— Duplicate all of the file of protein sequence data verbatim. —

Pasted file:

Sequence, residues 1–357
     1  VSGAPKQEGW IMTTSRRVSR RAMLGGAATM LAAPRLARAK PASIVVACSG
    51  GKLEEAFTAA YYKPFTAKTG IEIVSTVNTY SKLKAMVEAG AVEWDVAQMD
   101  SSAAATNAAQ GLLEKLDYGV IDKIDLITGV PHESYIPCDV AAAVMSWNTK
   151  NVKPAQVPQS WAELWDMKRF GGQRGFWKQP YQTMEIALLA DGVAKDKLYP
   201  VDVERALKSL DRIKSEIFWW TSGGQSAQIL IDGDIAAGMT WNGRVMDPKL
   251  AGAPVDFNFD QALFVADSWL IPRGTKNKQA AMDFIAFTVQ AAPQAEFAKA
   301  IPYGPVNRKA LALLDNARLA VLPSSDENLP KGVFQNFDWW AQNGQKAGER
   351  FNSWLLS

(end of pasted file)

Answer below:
Sequence, residues 1–357
     1  VSGAPKQEGW IMTTSRRVSR RAMLGGAATM LAAPRLARAK PASIVVACSG
    51  GKLEEAFTAA YYKPFTAKTG IEIVSTVNTY SKLKAMVEAG AVEWDVAQMD
   101  SSAAATNAAQ GLLEKLDYGV IDKIDLITGV PHESYIPCDV AAAVMSWNTK
   151  NVKPAQVPQS WAELWDMKRF GGQRGFWKQP YQTMEIALLA DGVAKDKLYP
   201  VDVERALKSL DRIKSEIFWW TSGGQSAQIL IDGDIAAGMT WNGRVMDPKL
   251  AGAPVDFNFD QALFVADSWL IPRGTKNKQA AMDFIAFTVQ AAPQAEFAKA
   301  IPYGPVNRKA LALLDNARLA VLPSSDENLP KGVFQNFDWW AQNGQKAGER
   351  FNSWLLS